Premiere-class racing returned to Termas de Rio Hondo in Argentina for the first time this millennium when the last MotoGP race was held here in 1999.
The Race: The smoky GP grid consisted of 500cc two-strokes the last time this world-class event was held at this venue making for an interesting spectacle as the cutting-edge four-stroke machines made the most of this fast-paced circuit.
When the red lights went out, Jorge Lorenzo launched his Movistar Yamaha YZR-M1 off the line with another one of his textbook starts leaving the rest of the field struggling to keep up. Points-leader Marc Marquez had less success getting his Repsol Honda RC213V to clear the pack for the holeshot. This traffic dropped Marquez back to 7th but the running order became a bit more familiar as Marc overtook Lorenzo for the lead on the 17th lap and running away with the win. Marquez’s teammate Dani Pedrosa was able to slip by Jorge as well on the second to last lap to secure the silver position when the checkered flag was flown. Lorenzo’s pit partner and MotoGP legend Valentino Rossi faced some fierce competition from the satellite LCR Honda hustler Stefan Bradl who made a late-breaking, deep corner move on Rossi dropping him to 7th place. Bradl has really stepped his game up this year gunning for top spots on his non-factory-backed RC213V resulting in some exciting racing. However, his efforts were eventually surpassed by the 7-time MotoGP world champion who ended the race in 4th place.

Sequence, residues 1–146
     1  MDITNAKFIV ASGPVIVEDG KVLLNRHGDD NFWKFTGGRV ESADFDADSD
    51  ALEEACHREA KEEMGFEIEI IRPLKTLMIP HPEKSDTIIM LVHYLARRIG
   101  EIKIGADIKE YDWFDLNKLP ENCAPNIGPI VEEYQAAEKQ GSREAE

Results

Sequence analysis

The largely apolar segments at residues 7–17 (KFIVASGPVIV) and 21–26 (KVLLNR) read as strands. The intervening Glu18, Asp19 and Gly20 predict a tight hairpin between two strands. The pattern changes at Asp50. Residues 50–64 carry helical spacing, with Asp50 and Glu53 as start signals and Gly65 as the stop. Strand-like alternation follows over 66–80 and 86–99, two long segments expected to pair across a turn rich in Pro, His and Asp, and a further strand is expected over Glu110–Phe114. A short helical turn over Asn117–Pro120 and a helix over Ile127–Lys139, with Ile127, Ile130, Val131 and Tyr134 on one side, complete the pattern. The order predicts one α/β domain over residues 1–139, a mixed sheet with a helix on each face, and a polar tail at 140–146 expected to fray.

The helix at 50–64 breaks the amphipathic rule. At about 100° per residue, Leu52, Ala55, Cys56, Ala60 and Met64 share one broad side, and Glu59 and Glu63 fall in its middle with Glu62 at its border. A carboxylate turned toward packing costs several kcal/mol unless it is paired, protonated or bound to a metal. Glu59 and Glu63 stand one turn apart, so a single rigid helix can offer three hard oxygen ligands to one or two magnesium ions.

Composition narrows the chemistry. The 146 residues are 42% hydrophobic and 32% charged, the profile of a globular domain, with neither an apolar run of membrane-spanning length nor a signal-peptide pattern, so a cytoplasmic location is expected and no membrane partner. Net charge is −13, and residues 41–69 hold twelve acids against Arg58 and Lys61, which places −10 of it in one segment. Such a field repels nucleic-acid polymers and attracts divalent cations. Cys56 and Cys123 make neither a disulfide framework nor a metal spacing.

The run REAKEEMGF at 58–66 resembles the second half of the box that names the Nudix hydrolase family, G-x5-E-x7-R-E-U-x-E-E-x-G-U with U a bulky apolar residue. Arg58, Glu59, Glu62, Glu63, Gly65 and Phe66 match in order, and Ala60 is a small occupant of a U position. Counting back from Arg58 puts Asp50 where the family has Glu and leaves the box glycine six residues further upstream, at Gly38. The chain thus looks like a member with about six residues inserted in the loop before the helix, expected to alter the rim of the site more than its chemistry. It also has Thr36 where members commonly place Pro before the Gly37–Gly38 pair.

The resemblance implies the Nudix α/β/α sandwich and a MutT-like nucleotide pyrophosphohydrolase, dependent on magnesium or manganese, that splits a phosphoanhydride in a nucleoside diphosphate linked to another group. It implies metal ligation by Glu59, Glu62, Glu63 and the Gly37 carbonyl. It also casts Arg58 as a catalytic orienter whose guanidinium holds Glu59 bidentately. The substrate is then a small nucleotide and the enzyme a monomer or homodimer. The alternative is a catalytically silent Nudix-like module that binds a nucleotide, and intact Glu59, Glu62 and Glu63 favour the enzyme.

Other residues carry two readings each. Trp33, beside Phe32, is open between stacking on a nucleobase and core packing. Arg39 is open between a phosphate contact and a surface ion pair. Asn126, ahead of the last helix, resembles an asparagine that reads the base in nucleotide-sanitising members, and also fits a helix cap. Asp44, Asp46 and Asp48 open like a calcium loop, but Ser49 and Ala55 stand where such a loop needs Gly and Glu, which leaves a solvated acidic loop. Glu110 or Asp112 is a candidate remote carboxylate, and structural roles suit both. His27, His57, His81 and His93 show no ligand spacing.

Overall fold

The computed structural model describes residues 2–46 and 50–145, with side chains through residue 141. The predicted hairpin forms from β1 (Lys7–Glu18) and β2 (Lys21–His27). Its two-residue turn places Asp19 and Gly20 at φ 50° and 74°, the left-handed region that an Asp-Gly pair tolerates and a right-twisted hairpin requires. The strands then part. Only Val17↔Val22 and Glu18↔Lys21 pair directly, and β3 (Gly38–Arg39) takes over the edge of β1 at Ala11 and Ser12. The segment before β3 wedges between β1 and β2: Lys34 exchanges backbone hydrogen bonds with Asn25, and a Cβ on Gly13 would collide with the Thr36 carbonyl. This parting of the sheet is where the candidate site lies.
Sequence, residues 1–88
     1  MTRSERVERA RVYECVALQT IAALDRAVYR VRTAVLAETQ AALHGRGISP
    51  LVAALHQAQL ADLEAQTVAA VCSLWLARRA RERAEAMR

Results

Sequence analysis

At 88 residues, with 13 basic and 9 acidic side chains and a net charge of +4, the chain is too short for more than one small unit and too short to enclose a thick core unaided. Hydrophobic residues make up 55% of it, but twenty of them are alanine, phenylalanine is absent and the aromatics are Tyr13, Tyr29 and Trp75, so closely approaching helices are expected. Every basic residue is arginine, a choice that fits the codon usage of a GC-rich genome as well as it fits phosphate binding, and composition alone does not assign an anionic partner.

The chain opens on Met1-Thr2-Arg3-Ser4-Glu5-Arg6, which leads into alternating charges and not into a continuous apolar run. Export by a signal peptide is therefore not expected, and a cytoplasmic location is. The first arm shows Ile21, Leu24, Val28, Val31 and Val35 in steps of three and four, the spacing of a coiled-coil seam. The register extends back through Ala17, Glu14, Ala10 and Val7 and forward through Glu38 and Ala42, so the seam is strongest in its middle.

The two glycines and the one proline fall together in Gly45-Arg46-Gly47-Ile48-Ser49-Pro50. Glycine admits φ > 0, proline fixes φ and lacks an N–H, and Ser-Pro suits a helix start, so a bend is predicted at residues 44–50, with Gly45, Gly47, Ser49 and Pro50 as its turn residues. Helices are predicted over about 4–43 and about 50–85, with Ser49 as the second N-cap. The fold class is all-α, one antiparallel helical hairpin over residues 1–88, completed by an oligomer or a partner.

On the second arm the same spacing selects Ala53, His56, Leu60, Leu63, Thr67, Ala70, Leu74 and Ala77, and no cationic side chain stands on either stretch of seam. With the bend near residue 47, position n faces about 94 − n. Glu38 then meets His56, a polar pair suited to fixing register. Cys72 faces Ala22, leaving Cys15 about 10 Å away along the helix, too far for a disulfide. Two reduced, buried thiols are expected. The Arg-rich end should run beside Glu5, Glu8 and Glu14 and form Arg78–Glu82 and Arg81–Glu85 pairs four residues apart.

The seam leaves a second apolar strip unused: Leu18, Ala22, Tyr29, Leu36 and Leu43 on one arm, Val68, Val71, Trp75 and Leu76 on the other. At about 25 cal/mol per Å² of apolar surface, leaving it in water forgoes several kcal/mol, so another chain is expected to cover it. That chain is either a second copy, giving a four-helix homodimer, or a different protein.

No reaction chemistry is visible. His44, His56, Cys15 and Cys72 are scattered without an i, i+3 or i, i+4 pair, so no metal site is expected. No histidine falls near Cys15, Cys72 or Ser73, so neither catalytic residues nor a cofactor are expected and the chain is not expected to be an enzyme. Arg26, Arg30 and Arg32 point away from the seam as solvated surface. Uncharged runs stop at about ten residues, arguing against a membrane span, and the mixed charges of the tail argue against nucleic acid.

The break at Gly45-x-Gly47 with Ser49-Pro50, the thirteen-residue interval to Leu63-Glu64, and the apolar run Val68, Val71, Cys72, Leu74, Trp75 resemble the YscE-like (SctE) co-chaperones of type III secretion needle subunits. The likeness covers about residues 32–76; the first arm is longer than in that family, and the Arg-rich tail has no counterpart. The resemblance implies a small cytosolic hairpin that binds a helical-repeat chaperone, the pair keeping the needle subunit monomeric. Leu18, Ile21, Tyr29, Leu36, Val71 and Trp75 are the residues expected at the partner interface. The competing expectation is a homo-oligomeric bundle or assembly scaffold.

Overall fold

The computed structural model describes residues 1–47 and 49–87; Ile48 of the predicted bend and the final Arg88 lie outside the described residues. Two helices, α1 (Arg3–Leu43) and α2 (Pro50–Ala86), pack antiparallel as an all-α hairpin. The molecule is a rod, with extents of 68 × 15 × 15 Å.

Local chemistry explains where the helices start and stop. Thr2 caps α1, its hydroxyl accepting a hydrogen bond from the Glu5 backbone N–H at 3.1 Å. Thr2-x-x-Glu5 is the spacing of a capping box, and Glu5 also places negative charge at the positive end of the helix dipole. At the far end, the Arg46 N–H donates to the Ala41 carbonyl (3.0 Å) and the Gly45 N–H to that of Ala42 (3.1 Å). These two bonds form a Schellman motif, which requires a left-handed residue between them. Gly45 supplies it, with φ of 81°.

MotoGP is headed to Jerez, Spain this weekend for the 4th round of the 2014 season. The current standings are relatively close with Marquez at the top followed by Pedrosa and Rossi. The points spread between Marquez in 1st and Yamaha rider Bradley Smith in 9th is just over 50 points making for plenty of heated battles to come.
When MotoGP left Argentina in 1999, chalk it up to the Eccelstone effect (no pay, no host), South America was unsure of when the series would return to the passionate racing region. Like many countries struggling with financial issues, Argentina decided enticing MotoGP (along with other racing series) to come back and race. Luckily for Argentina, MotoGP has signed a three year deal, this past weekend being the first in the books, and hopes to help stimulate their economy with injections of weekend spending power from elite classes of riding enthusiasts who cherish the series. Unfortunately, Argentina had no hometown hero to cheer on in any of the racing classes during the weekend festivities. What MotoGP and Argentina hope to accomplish is more than monetary it's fans. In order to secure a stronger foothold into the waining attendance numbers of the future MotoGP is looking to new areas where riding culture needs a dream. MotoGP could be that dream and spawn a whole new collection of racers for fans across the world to idolize.